Wednesday, 6 March 2013

The passing of Hugo Chávez

So Hugo Chávez is gone, despite the months of claims from the Venezuelan authorities that he was recovering. It calls to mind Spike Milligans epitaph, I told you I was ill’, except that in Chávez’s case it was the opposite: he kept arguing that he wasn’t that bad. 

Chávez: he spoke for the people
Without much of a pause to let anyone else get a word in
It’s going to be fascinating to see how he divides people in death, just as he did in life.The thing about Chávez is that he was a remarkable champion of the poor and the underdog, and more than happy to take on the power of the elites to defend the underprivileged.

On the other hand, the way he set about the task wrecked the Venezuelan economy, only kept afloat by Venezuela’s oil resources. When he came to power, oil accounted for 80% of the country’s exports; today it accounts for 96%. Such has been Chávez’s impact on the manufacturing and agricultural sectors.

But there were other even less attractive aspects to his role in power. Like a great many rulers who know they speak for the people, he began to see ordinary democratic rules as nothing but an impediment to democracy: after all, if democracy is rule by the people, and he speaks for the people, then any regulation that limits his capacity to rule is by definition anti-democratic. So 
Chávez started shutting down opposition media outlets and ensuring that his was the only voice heard, especially at election time.

This is a standard behaviour of populists who seize power. Augustus overthrew the power of the vested elites of Rome that had oppressed the people; as a result a Republic was replaced by an Empire both the elite and the people lost what rights they had. The Third Estate in France rose against the monarchy in the name of the people, and rapidly fell under the spell of men who felt that rights were best protected by a police state. Lenin took the Bolsheviks to power in Russia to speak for workers and peasants and rapidly did away with any mechanism of popular representation.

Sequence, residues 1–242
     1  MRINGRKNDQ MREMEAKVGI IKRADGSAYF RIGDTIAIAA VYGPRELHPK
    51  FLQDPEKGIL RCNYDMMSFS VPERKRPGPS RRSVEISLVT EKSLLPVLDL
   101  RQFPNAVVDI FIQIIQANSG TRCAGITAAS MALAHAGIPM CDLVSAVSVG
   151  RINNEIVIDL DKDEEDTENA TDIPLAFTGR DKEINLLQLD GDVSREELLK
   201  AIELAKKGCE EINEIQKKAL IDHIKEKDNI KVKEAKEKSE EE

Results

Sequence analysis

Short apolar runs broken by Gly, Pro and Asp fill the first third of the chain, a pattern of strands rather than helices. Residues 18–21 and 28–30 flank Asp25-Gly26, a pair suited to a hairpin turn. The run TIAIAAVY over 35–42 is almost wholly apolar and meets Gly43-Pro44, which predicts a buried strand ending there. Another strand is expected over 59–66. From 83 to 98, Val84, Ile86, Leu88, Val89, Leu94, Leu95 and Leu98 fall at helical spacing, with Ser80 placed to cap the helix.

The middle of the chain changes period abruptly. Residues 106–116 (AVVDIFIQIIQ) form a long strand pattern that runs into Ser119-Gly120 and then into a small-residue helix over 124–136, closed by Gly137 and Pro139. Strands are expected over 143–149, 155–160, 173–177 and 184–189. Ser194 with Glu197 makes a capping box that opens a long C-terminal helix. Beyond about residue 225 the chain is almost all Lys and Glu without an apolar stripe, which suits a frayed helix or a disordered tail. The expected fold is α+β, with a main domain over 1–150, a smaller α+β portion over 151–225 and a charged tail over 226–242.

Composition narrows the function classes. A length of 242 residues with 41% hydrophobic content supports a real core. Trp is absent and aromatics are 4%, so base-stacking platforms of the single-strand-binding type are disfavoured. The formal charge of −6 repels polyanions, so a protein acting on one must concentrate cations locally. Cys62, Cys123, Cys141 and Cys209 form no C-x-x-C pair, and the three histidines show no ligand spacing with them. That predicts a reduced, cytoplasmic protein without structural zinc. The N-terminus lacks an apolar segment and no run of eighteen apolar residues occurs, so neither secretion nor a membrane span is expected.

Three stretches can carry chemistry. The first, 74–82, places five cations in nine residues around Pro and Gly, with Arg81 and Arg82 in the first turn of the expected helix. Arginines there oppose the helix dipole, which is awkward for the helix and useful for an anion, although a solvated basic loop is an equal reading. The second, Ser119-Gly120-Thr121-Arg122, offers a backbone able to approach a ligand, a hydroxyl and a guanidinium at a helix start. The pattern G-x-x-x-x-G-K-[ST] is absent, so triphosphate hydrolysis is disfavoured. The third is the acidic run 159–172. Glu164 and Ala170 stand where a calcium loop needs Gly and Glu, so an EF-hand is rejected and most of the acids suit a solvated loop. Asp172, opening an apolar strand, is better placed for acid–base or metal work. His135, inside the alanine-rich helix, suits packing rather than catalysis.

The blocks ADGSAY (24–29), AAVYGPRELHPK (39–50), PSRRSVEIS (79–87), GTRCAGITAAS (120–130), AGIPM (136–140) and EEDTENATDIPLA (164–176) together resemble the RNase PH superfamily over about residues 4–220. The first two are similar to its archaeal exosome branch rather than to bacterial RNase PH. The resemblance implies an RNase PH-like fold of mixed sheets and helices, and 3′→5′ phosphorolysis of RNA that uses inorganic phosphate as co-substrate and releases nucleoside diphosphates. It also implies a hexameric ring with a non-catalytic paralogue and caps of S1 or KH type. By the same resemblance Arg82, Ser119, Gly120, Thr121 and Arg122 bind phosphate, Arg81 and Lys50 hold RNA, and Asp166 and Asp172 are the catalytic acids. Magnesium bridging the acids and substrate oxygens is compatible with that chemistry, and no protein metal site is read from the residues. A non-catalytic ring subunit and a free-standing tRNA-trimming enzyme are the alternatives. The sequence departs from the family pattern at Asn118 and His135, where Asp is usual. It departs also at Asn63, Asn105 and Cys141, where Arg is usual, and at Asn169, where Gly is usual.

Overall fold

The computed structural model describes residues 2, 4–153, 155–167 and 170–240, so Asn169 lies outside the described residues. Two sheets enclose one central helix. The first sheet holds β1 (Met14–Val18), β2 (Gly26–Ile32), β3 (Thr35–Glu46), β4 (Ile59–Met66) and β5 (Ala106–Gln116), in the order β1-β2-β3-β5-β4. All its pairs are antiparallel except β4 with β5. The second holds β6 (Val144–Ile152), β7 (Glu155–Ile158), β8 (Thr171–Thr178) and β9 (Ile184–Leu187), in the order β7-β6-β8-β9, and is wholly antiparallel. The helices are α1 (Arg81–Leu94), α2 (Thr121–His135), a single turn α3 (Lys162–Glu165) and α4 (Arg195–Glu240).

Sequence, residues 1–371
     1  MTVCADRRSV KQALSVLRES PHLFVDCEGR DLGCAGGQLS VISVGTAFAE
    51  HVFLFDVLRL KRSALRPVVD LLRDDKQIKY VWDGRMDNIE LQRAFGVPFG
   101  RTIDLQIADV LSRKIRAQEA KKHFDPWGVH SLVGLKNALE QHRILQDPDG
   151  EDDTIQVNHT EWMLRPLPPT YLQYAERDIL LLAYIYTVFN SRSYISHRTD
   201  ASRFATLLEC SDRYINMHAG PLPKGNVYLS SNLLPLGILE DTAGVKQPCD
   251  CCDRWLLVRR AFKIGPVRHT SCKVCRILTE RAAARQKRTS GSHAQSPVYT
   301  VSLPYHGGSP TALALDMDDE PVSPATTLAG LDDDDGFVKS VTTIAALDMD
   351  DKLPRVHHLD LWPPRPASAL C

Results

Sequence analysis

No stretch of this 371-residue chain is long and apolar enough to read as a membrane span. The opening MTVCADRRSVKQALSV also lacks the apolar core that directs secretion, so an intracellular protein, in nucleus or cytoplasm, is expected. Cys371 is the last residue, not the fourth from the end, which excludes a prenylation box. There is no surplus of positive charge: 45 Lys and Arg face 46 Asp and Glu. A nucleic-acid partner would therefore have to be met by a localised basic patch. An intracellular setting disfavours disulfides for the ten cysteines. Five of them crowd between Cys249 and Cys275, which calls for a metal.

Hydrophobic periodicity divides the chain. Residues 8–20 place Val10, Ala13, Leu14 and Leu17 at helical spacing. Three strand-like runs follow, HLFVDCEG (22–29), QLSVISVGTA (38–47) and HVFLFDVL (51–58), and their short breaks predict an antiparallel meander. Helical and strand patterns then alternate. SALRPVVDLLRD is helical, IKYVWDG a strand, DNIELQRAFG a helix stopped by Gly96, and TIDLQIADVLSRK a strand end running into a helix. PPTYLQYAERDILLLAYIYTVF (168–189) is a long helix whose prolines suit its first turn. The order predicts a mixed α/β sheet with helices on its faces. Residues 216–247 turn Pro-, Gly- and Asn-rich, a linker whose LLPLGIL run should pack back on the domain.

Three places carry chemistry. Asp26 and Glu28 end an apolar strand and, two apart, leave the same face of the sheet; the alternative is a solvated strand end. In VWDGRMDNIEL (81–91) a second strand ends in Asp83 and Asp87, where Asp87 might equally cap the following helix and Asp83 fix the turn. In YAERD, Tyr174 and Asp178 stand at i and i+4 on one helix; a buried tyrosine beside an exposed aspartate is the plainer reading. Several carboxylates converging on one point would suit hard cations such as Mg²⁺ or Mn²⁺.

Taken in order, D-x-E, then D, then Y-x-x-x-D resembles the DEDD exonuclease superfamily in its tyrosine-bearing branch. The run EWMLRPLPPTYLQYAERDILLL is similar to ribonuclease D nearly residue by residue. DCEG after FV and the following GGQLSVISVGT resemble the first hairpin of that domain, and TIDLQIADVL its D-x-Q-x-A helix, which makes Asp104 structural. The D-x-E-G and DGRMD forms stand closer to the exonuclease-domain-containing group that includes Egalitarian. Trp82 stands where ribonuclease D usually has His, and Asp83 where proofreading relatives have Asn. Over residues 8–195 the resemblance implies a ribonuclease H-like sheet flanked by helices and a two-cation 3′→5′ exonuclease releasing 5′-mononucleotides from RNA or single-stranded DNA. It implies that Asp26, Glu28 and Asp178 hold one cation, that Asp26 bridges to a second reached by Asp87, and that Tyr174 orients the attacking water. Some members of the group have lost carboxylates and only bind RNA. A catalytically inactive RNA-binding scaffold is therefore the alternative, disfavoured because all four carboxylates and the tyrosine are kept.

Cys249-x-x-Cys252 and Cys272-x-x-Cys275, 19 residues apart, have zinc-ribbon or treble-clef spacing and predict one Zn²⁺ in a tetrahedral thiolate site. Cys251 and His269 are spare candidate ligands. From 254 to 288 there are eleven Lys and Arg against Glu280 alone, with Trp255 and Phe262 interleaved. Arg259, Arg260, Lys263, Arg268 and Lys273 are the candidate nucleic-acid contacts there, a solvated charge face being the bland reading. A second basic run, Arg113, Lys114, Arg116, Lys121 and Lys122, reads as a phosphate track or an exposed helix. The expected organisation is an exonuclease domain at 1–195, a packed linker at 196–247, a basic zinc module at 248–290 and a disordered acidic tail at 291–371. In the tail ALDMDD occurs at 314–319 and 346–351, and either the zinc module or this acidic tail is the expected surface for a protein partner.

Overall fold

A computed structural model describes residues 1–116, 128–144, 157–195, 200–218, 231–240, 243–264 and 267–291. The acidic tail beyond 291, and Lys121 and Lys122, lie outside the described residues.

One of the other characteristics of these champions of popular aspirations is that they like to make sure they stay in power once they
ve got there, and Chávez was no exception. He managed to obtain authority in a referendum, at the second time of asking, to remove term limits from the presidency so that, had he survived, he could have been re-elected as often as he wanted. That would have enabled him to go on speaking for the people for a long time to come.

By ‘speaking for the people’, by the way, I really mean ‘speaking’. He was capable of going on TV and talking for eight hours at a stretch. And I have to confess that a man who likes the sound of his voice that much, and what’s more is prepared to take over the media and amend the constitution so that he can ensure everyone else gets to hear it too, fails to win my unqualified admiration.

I don’t much like monarchy, because I’m even less attracted to the idea of people being born to high office for life than I am to people getting themselves elected to office for life. But I have to say that despite myself, I was delighted when the King of Spain rounded on Chávez at the Iberian-American summit on in 2007, and asked him ‘why don’t you just shut up?’

Well, Chávez has stopped talking now. The next big fear is whose voice will fill the vacuum when his fell silent. Because that’s the other problem with these great authoritarian champions of the people: they open the door to successors who are even worse. It didn’t take long to get from Augustus to Nero, nor to get from the French National Assembly to the reign of terror and then the military dictator Napoleon, and Lenin was immediately followed by Stalin.

Time to hope for the best for the people of Venezuela.

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